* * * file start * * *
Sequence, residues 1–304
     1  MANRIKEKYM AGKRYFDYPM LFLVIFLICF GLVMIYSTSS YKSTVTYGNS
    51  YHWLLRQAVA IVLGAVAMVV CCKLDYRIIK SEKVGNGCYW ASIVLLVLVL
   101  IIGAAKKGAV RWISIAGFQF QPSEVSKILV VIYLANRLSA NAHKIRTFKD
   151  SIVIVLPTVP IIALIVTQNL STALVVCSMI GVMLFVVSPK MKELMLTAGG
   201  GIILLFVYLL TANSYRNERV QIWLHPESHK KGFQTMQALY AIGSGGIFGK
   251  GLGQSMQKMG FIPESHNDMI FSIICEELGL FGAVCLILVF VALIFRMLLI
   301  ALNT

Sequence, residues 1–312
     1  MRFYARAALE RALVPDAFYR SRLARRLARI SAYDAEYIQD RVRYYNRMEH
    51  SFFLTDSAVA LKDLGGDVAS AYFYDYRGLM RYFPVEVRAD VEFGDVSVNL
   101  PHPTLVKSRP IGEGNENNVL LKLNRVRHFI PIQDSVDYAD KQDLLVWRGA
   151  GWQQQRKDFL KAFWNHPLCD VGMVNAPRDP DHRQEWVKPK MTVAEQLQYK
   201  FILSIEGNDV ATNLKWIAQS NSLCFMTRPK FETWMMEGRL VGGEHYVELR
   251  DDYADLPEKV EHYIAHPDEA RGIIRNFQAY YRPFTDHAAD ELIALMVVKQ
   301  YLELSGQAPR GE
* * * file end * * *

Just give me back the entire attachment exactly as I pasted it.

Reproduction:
Sequence, residues 1–304
     1  MANRIKEKYM AGKRYFDYPM LFLVIFLICF GLVMIYSTSS YKSTVTYGNS
    51  YHWLLRQAVA IVLGAVAMVV CCKLDYRIIK SEKVGNGCYW ASIVLLVLVL
   101  IIGAAKKGAV RWISIAGFQF QPSEVSKILV VIYLANRLSA NAHKIRTFKD
   151  SIVIVLPTVP IIALIVTQNL STALVVCSMI GVMLFVVSPK MKELMLTAGG
   201  GIILLFVYLL TANSYRNERV QIWLHPESHK KGFQTMQALY AIGSGGIFGK
   251  GLGQSMQKMG FIPESHNDMI FSIICEELGL FGAVCLILVF VALIFRMLLI
   301  ALNT

Sequence, residues 1–312
     1  MRFYARAALE RALVPDAFYR SRLARRLARI SAYDAEYIQD RVRYYNRMEH
    51  SFFLTDSAVA LKDLGGDVAS AYFYDYRGLM RYFPVEVRAD VEFGDVSVNL
   101  PHPTLVKSRP IGEGNENNVL LKLNRVRHFI PIQDSVDYAD KQDLLVWRGA
   151  GWQQQRKDFL KAFWNHPLCD VGMVNAPRDP DHRQEWVKPK MTVAEQLQYK
   201  FILSIEGNDV ATNLKWIAQS NSLCFMTRPK FETWMMEGRL VGGEHYVELR
   251  DDYADLPEKV EHYIAHPDEA RGIIRNFQAY YRPFTDHAAD ELIALMVVKQ
   301  YLELSGQAPR GE